The Many Adventures of Winnie the Pooh (G)
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This came out in 1977; it is a "package film" consisting of three short films that had previously been released individually, which themselves were based on books by A.A. Milne, which I'm afraid I haven't read. I'm not sure whether or not I ever saw the film in its entirety before I got it on DVD in 2023, but I definitely saw all three parts before, probably on The Wonderful World of Disney, and possibly elsewhere. (So I do find it quite nostalgic.) Watching the movie now, I think the segments blend together seamlessly, so one can scarcely tell where one ends and the next begins. This is because there's a narrator who bridges the gap between segments, but he also narrates within the segments, as well as sometimes talking to the characters. And the animation sometimes includes the book the narrator is reading, with the characters moving between pages. It's all pretty neat, I think. I always like that kind of thing. Oh, and there's an epilogue that I guess was made specifically for this film.
Winnie the Pooh and the Honey Tree (1966)
In which we meet Winnie the Pooh (voiced by Sterling Holloway), a bear who lives in the Hundred Acre Wood. When he finds that all his hunny pots are empty, he goes out to steal some more honey from bees that live in a tree. First he climbs the tree, but that doesn't work out so well for him. Later, he gets a balloon from his friend, Christopher Robin, a young boy who also lives in the Hundred Acre Wood. (Actually, all the animals in the story, like Pooh, are Christopher Robin's stuffed toys, but the animation makes them look, act, think, and feel as real as Christopher himself.) Pooh uses the balloon to float up to the hole in the tree where the bees store their honey, after rolling in mud to disguise himself as a rain cloud. That plan doesn't go so well, either. So Pooh visits his friend Rabbit and eats all his honey, much to Rabbit's chagrin. Rabbit gets even more chagrined when it turns out all that eating has made Pooh too fat to get back out the front door (really just a hole) in his house, so Pooh gets stuck in the hole for quite awhile. We meet a Gopher who offers to dig him out, for a price, but he never actually says what the cost would be, and never digs him out. (There's a running joke about Gopher "not being in the book", because he wasn't in the book the film is based on.) Pooh only gets free when enough time has passed for him to lose weight.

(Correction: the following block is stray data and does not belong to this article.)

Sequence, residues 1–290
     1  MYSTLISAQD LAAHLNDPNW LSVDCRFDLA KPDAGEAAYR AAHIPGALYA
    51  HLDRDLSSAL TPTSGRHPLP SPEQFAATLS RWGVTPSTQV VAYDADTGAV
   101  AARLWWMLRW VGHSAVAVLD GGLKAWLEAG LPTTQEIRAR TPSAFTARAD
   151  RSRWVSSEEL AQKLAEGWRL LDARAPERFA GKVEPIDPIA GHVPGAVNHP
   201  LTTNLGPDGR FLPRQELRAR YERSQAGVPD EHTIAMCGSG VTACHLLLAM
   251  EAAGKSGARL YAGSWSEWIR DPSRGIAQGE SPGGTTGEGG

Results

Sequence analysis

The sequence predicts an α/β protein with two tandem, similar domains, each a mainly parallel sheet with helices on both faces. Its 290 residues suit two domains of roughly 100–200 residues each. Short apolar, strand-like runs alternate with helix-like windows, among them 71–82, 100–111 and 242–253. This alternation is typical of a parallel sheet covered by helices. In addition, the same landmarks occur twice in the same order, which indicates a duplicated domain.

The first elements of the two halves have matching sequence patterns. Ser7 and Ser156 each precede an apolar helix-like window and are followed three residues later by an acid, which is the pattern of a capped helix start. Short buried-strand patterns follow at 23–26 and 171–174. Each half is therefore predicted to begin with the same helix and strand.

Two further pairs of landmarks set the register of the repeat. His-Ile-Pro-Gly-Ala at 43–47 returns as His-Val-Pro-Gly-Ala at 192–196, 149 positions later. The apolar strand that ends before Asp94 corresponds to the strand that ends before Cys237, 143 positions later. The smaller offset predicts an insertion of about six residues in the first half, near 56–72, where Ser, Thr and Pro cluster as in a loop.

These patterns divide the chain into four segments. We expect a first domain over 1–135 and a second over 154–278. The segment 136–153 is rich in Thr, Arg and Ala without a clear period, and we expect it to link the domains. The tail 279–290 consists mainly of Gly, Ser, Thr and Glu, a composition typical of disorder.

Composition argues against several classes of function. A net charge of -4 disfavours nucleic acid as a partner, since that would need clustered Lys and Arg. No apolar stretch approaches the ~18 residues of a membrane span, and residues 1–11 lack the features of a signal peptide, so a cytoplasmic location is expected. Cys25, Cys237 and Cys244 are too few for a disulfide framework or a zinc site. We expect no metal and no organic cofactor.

Winnie the Pooh and the Blustery Day (1968)
In which there is a very windy day, so windy that Pooh's friend Piglet gets blown away, but Pooh keeps hold of him via a thread, with Piglet flying like a kite. They eventually wind up at Owl's treehouse, until the whole tree gets blown down, and the house demolished. So their friend Eeyore, a gloomy donkey, sets out to find Owl a new house. That night, Pooh meets Tigger, who likes to bounce on people. Tigger introduces Pooh to the concept of heffalumps and woozles, creatures that like to steal honey. So Pooh has a very trippy nightmare about them, which features what I would say is one of the movie's most memorable songs (which I tend to associate with Halloween). Meanwhile, the wind storm turns into a rainstorm, and the Hundred Acre Wood is flooded. And... I guess I won't spoil how it all ends.
Winnie the Pooh and Tigger Too (1974)
In which Rabbit gets annoyed by Tigger constantly bouncing on everyone, so he decides that he and Pooh and Piglet should lead Tigger deep into the Hundred Acre Wood and leave him there. He plans to find Tigger the next day and bring him home, too humbled to bounce anymore. But Rabbit's plan goes awry when, after abandoning Tigger, he finds that he can't find his own way home. Pooh and Piglet do manage to get home, but Rabbit remains lost, until Tigger finds him and brings him home. Later, in the winter, Tigger is going out to play with his friend Roo. (I haven't mentioned Kanga and her young son, Roo, yet, but they've been in all the stories.) Tigger ends up getting stuck at the top of a tree he bounced up, and is too scared to come down. So he gets some rather inventive help from the narrator.
Well, I think I've left out quite enough details from all three shorts. And I feel like I haven't talked nearly enough about some of the characters. I think my favorite character has always been Eeyore, because I identify with him the most, being a rather gloomy sort of person, myself. But I also like Tigger, who is much more manic, and I find his song about himself to be another of the most memorable songs in the movie. Really, all of the characters are good, in their own ways. Um... I think the middle story was my favorite of the bunch. And um... I should probably read all the books someday. Also I feel like mentioning that Winnie the Pooh has inspired at least two books about philosophy. And... apparently some home media releases of the movie have included a fourth short film, "Winnie the Pooh and a Day for Eeyore", but it's not included on the DVD I've got, unfortunately. I do think I've probably seen it on TV at some point, but I'm not sure. Also, I'm torn about whether or not to consider this film a musical. I probably should, really, but for now, I'm not going to, because most of the songs are fairly short, and not all of them are actually sung by characters. Anyway, I feel like there's so much more I should say about the film, but I'm not sure what. It's all pretty random. (I was going to say it's weird that the "many" in the title really just means three, but in fact I think each short film feels like more than one story, so maybe it really is many adventures.)